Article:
A century of trumpeting Florida Tourism: Entrepreneurs found early on that they could market sunshine, beauty and man-made tackiness, and thus Florida became the tourist haven it is today.

Sun Journal

February 07, 1997|By Julia Campbell | Julia Campbell,SPECIAL TO THE SUN

SILVER SPRINGS, Fla. -- It is winter. This is Florida, probably warmer and sunnier than where you are.

A century ago, the first tourists came here to feel the warmth of the tropical sun on their faces. But it was a different world. It was long before trailer parks, Mickey Mouse and bikini-clad women selling hot dogs on highways.

Spanish and French explorers had immortalized "La Florida," the land of flowers, as a kind of Eden, an unspoiled paradise. Only later did other, more forthright visitors tell of a territory sweltering in summer and infested with alligators and mosquitoes.

Since the late 19th century, entrepreneurs have exploited the profitability of sunshine, and promoted a mixture of natural beauty and man-made tackiness to create one of the most visited destinations in the hemisphere. Florida's evolution from thinly inhabited swampland to tropical destination for 41 million tourists a year is a story of sunshine, unbridled commercialism and an American fascination with the new. As early as the 1850s, guidebooks extolled the virtues of Florida's climate and its reported ability to ease various ailments. Florida was even said to be an aphrodisiac, for "heat stimulates powerfully the faculty of reproduction," as Daniel Garrison Brinton, medical doctor turned anthropologist, wrote in his 1869 guidebook.

Good for the soul

Brinton also recognized what millions of Americans would seize upon into the next century: Florida could be good for the soul. The mild climate could eliminate the mental exhaustion brought on by the "harassing strain of our American life, our over-active, excitable, national temperament."

The tourists began arriving shortly after the Civil War. While the wealthy traveled to Europe, the comfortable classes in northern industrial cities went to Florida. These early tourists took steam-powered boats down the St. Johns River from Jacksonville, or cruised up the Ocklawaha River to the Silver Run and its source, the largest freshwater spring in North America.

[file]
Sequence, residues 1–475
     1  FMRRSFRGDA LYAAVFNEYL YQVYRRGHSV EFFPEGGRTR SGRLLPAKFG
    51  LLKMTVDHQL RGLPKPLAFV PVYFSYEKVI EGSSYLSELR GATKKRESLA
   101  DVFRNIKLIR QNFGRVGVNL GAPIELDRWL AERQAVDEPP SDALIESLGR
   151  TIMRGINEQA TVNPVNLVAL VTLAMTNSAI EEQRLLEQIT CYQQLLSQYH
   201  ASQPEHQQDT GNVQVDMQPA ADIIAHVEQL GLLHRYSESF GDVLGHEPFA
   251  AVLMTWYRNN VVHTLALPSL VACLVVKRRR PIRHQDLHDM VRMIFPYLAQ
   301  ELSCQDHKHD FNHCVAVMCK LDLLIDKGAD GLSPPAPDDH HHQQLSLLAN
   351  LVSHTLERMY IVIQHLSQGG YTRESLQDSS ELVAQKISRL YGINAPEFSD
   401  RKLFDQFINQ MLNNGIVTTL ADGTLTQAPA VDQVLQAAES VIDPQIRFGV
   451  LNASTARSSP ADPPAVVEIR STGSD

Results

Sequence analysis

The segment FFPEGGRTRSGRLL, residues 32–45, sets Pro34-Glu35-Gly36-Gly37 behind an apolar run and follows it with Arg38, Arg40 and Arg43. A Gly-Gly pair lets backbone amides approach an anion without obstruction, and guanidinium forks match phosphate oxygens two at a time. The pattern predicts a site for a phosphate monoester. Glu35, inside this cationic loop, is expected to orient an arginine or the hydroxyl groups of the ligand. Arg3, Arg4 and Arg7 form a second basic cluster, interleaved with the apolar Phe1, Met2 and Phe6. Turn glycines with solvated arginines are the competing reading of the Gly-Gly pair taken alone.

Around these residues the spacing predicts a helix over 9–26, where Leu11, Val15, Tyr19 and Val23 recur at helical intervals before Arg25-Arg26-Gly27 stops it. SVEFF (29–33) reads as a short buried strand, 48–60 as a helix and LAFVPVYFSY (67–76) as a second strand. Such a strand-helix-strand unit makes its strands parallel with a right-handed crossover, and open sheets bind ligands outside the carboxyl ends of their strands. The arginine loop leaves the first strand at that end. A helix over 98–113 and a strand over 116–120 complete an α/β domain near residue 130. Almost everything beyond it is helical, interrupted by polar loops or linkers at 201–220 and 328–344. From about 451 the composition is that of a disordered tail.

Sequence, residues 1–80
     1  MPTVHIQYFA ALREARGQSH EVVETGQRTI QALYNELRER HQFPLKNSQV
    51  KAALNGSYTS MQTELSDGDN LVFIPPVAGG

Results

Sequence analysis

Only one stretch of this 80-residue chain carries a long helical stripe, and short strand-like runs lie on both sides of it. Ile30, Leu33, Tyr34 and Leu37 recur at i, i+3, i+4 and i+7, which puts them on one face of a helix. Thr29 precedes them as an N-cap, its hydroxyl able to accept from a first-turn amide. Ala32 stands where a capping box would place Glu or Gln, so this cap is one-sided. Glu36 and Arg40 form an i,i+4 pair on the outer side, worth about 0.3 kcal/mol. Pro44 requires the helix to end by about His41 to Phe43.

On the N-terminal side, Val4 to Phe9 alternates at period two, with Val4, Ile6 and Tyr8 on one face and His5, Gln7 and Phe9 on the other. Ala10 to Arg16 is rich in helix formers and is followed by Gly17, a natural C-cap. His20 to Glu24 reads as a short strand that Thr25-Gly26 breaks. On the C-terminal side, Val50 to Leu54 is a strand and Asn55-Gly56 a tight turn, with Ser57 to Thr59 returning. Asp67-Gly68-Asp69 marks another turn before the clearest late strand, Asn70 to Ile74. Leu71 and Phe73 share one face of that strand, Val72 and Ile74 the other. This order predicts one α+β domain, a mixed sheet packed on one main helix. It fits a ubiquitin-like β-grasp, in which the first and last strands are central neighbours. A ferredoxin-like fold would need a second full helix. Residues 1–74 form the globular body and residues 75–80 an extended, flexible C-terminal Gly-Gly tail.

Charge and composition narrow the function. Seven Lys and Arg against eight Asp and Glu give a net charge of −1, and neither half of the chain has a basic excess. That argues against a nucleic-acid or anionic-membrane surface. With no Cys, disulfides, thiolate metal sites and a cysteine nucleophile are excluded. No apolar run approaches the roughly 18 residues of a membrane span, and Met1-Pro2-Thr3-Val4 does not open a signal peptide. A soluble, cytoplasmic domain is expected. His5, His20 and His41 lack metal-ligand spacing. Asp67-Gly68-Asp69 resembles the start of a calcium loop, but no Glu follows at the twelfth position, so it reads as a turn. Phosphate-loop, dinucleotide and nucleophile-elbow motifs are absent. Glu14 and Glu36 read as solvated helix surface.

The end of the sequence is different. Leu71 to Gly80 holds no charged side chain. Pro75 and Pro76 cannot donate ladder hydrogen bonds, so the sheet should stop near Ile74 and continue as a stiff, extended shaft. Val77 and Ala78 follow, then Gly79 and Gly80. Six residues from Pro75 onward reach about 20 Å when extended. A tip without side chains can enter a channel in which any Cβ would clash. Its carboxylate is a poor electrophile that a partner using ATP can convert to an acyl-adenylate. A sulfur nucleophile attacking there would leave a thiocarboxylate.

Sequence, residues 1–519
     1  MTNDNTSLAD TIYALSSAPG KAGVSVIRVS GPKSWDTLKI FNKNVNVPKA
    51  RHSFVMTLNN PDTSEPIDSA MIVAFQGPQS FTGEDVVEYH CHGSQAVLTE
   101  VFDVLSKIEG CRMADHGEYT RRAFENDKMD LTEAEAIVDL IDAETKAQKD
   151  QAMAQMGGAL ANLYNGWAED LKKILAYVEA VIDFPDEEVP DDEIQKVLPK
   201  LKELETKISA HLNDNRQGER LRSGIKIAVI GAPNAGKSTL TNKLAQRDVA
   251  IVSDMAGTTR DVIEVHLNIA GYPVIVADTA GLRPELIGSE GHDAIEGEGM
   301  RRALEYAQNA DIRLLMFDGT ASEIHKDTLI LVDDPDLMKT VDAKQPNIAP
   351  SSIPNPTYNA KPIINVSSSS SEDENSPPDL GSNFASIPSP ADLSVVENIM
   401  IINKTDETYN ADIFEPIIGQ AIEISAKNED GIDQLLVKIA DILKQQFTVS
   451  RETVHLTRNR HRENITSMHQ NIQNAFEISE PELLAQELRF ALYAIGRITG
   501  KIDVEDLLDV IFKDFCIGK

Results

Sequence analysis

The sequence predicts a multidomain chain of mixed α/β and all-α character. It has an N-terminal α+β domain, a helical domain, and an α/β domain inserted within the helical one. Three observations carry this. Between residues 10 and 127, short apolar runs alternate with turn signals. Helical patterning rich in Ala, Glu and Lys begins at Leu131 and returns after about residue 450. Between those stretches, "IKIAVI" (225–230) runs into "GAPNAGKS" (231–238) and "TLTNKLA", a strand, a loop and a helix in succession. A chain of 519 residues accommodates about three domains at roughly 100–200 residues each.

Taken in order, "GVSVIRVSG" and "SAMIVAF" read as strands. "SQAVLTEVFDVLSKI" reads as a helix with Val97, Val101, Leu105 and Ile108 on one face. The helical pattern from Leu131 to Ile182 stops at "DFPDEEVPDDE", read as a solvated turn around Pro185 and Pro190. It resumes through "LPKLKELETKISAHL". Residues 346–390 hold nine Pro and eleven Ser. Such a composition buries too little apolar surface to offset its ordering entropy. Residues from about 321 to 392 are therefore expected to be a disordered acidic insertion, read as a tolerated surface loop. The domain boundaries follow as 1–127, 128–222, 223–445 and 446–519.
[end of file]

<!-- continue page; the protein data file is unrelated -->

By the 1870s, 50,000 visitors a year were exploring Silver Springs, Florida's oldest tourist attraction. It is where the glass-bottom boat was invented, in 1878. Live oaks dripped Spanish moss over crystal-clear water as tourists gazed at alligators and schools of fish.

Harriet Beecher Stowe wintered in the town of Mandarin on the St. Johns River in the 1870s, two decades after she wrote "Uncle Tom's Cabin," and embraced the region for the "sort of tumble-down, wild, panicky kind of life" it inspired. She became a tourist attraction in her own right, as visitors paddled by her bungalow on the riverbank.

Before advertising became an American obsession, the sensuous, adoring manner in which writers described Florida helped attract visitors.

Writers extol state

In her book "Palmetto Leaves," Stowe portrayed Florida as a woman of a special type: "If we painted her, we should not represent her as a neat, trim damsel, with starched linen cuffs and collar: she would be a brunette, dark but comely, with gorgeous tissues, a general disarray and dazzle, and with a sort of jolly untidiness, free, easy and joyous." Baltimore poet Sidney Lanier, commissioned to write a guide for the Great Atlantic Coast Railway, described the Ocklawaha River as "the sweetest water lane in the world."

And then Henry Morrison Flagler, a partner of John D. Rockefeller in the Standard Oil Co., realized that paradise could be marketed and sold.

Flagler came to St. Augustine in 1883 on his honeymoon and found the city lacking in the luxurious accommodations that would attract wealthy families. Flagler built the palatial Ponce de Leon Hotel in 1888, and then constructed a string of luxury hotels from St. Augustine to Miami.

Flagler's building of a rail line along the Florida east coast connected St. Augustine to points south and became critical to his success. By 1912, trains were traveled the length of the state to Key West, while another line along the panhandle brought tourism to Tampa and St. Petersburg.

The 1920s became the first boom years: More of the wealthy, and more of the middle class made Florida their vacation destination. Land speculation was rampant. Alligator farms and stands selling key lime pies became part of the landscape. "It was almost like a self-feeding frenzy," says Jesus Mendez, associate professor of history at the University of Miami.

Elaborate attractions

As if they feared it would all disappear, developers began to create more elaborate attractions. Sunshine was no longer thought to be enough. The well-to-do had playgrounds in Palm Beach and at Miami Beach. St. Petersburg and other cities promoted themselves, selling sunshine and a dream.

Faced with competition for visitors, Silver Springs entered the game. In the 1930s the state's most famous showman, Ross Allen, began wrestling alligators and milking rattlesnake venom -- for the pleasure of the tourists, of course.

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